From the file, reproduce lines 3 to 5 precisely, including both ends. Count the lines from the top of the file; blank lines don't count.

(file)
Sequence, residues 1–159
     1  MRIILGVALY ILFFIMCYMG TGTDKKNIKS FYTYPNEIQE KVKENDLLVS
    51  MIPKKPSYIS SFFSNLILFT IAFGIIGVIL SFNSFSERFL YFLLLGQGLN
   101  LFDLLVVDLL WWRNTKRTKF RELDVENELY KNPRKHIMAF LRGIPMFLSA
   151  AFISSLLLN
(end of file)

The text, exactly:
    51  MIPKKPSYIS SFFSNLILFT IAFGIIGVIL SFNSFSERFL YFLLLGQGLN
   101  LFDLLVVDLL WWRNTKRTKF RELDVENELY KNPRKHIMAF LRGIPMFLSA
   151  AFISSLLLN